Based On Real People

February 27, 2013

This is an edited re-post from June 20, 2008

My Sunday “Lonely Guy” activity is to read the New York Times and watch C-Span 2 Book TV, muted. If I glance something interesting on the screen — Christopher Hitchens, say, ranting about why we should be in Iraq — I may bring up the sound. That seldom happens. Most Sundays, only the rustle of newsprint is heard in my living room. Sometimes, though, the thing on TV that catches my eye is the shape of a nose, or a hairstyle, or an odd mouth and I feel a powerful urge to draw it — and the rest of the head. So I open my sketchbook, select a soft pencil from the coffee mug on the table by my chair, and set out to prove once again that I’m not only the world’s worst caricaturist, but should also get a medal for being the slowest. Of course, the nice thing about sketching talking heads on TV is they hold still for long periods, which means I can take all the time I need to get it wrong.

I have no idea why I doodled all that stuff on the sides, or wrote “The Other End” at the bottom, but I do enjoy making those little “drop” shadows under the letters. The thing that drives me mad, though, is that I have no memory of who most of the people are. (Memo to self: Keep better sketchbook notes). All I know for sure is that these folks appeared on C-Span 2 sometime in December, 2006. Also, I’m pretty sure the guy on the top left is a well-known newsman, one of the Kalb brothers, but which one? And the blond woman near the bottom of the left column is an expert on world religions. Interesting face, and I loved the informed talk she gave (I have the sound up while I sketch). Of course, all this assumes that I managed a passing likeness of at least those two.

Copyright © 2013 Jim Sizemore.

Scenic Graffiti II

October 27, 2010

Around this time of year I’m usually in the mountains of Virginia, on the way to visit relatives in my hometown near the West Virginia line. And this season, on two-lane Rt. 32 West, which runs through Goshen Pass on the way to Warm Springs, Virginia, I pulled off as I always do at the nearly waist-high stone wall overlooking the Maury River, some 80 feet below. The view is beautiful but, as I said in last year’s post, it’s hard to photograph scenic images without resorting to visual cliché, so when I visit this spot I like to foreground the graffiti on the wall. New scribbles are added all the time and an update is in order—same place, one year later, but with fresh doodling. And you’ll notice in the last image this year I had photographic competition. (But wait, is the lady focusing on the graffiti, or the fallen leaves—or her foot?)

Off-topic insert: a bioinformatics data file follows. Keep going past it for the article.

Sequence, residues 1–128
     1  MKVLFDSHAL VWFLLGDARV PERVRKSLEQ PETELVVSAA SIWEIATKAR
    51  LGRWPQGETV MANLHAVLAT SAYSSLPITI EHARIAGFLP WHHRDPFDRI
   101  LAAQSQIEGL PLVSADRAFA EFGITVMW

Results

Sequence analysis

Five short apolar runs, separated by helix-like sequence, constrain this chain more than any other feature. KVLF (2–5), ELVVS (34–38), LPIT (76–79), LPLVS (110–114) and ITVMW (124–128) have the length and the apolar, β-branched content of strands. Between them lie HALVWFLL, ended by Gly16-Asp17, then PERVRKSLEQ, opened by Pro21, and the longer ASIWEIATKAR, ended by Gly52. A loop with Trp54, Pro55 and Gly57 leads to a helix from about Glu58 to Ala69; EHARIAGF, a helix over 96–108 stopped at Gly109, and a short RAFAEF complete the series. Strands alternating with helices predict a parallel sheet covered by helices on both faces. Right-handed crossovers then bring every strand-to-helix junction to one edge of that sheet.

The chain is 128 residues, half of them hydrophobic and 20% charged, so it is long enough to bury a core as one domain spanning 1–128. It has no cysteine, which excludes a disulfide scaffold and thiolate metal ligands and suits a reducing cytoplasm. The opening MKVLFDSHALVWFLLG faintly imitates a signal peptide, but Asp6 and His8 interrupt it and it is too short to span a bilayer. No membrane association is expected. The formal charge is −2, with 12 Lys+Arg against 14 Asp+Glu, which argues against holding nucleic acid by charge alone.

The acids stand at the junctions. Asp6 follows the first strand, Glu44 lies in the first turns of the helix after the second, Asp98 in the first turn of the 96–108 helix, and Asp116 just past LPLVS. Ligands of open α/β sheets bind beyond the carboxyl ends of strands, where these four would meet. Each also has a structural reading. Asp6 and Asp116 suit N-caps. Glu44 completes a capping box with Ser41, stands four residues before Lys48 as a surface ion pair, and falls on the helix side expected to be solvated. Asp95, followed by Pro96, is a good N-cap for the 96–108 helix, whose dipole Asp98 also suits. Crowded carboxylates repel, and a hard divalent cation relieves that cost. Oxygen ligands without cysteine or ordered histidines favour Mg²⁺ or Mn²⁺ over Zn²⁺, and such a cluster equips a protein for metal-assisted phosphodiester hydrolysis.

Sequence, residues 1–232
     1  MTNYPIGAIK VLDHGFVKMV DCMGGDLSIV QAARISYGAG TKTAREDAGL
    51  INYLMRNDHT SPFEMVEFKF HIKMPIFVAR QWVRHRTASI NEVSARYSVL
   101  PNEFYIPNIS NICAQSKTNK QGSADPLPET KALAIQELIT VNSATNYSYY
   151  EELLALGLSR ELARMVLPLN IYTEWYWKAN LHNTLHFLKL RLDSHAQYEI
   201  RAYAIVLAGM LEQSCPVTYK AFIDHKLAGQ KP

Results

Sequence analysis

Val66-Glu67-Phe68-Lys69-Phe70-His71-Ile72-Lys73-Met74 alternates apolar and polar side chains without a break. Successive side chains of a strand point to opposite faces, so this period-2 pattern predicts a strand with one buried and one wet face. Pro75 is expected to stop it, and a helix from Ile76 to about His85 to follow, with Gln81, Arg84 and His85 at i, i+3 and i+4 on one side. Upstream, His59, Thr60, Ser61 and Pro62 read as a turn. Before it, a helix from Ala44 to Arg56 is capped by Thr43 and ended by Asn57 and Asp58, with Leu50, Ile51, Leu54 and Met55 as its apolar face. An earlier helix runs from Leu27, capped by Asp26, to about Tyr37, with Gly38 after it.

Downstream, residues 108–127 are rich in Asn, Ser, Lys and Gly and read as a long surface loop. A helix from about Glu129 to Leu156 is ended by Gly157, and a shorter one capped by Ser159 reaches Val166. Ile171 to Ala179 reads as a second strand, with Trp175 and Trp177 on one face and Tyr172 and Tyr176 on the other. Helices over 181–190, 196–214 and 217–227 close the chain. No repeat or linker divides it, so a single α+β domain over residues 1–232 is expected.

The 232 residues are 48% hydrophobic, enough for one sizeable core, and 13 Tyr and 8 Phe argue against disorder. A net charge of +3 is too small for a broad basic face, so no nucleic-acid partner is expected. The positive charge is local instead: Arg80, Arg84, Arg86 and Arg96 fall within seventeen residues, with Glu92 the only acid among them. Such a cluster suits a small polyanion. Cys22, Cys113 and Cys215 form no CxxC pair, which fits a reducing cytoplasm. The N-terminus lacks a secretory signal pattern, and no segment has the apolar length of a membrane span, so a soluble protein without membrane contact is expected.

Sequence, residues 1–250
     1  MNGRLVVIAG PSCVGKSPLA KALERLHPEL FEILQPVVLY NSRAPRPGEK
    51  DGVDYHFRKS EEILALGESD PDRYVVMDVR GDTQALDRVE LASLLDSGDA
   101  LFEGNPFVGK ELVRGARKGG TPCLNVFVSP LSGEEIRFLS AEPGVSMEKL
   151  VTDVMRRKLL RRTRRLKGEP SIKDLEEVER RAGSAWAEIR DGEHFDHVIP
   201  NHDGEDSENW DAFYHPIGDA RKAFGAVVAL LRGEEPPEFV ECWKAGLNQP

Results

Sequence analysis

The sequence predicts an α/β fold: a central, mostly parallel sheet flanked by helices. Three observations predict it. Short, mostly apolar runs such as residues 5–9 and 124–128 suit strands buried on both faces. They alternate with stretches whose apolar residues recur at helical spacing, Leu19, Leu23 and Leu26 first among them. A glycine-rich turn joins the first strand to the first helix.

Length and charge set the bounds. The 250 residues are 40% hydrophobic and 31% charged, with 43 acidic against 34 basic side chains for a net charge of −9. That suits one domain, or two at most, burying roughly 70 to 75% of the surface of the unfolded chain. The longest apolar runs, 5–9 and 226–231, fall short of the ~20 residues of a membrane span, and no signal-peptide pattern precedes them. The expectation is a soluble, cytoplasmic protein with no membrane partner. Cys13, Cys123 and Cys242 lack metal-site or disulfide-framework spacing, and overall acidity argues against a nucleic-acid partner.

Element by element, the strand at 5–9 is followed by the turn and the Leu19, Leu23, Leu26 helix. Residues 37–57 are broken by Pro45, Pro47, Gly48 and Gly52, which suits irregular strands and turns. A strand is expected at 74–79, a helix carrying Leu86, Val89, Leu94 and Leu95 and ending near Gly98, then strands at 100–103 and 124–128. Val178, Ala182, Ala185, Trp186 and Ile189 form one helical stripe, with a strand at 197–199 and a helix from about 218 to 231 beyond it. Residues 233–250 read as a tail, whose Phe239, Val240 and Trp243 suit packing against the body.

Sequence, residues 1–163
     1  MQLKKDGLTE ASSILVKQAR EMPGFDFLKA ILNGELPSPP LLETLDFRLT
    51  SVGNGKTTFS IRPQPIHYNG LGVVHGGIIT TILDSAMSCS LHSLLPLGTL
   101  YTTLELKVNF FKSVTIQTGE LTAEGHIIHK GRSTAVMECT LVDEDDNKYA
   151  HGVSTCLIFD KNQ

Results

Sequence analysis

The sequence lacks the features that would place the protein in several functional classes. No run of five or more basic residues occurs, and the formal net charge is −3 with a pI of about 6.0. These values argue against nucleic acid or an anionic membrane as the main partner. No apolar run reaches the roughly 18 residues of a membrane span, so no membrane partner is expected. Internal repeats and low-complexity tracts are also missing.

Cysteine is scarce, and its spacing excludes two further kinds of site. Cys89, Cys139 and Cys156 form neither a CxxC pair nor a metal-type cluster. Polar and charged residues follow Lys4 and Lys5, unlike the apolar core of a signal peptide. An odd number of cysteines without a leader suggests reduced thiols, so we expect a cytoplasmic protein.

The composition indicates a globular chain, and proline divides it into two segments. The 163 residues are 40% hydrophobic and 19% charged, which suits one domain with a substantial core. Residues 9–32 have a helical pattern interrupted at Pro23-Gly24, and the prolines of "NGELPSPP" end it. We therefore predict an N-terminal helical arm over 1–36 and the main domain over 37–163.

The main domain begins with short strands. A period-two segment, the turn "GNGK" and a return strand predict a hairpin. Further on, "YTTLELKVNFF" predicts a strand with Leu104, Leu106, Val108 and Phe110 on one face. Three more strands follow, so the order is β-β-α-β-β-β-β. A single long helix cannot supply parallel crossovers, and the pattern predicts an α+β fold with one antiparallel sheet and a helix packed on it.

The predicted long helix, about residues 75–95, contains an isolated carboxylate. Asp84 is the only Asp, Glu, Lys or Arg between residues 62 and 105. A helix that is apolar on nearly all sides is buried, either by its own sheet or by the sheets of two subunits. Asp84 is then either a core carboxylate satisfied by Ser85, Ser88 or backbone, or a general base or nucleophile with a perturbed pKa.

(Click images for larger views.)



Copyright © 2010 Jim Sizemore.

The Head Doodler

July 26, 2010


My New Mailbox . . .

July 22, 2010

Why It Makes Those Sounds

By Jacquie Roland

Today, for some reason, I decided to redo my mailbox. (As if I don’t have enough other stuff to do.) However . . . When I came in to get out of the heat and have a cool drink, my phone rang. Not unusual. Except that I couldn’t find it. I could hear it, but . . . Well, as it turns out—in a fit of artistic madness—I had epoxied my live phone into the assemblage. (The old phone had dropped out of sight behind my work table.) And now my good Ma Bell is glued into the sculpture. Forever. *sigh* I guess it will just have to keep ringing until the battery wears out.

Copyright © 2010 Jacquie Roland.

This post was adapted from an e-mail I received yesterday from my friend Jacquie, who, as you can see, keeps very VERY busy in upstate New York. This 3-D doodle was too good—and the story of its creation ‘way too funny—to keep to myself. Click images for larger views.


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July 23, 2009

mad-doodler82

Copyright © 2009 Jim Sizemore


Quilt Doodle #25

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Copyright © 2009 Jim Sizemore.


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Copyright © 2009 Jim Sizemore.


Mad Doodler #7

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Copyright © 2008 Jim Sizemore.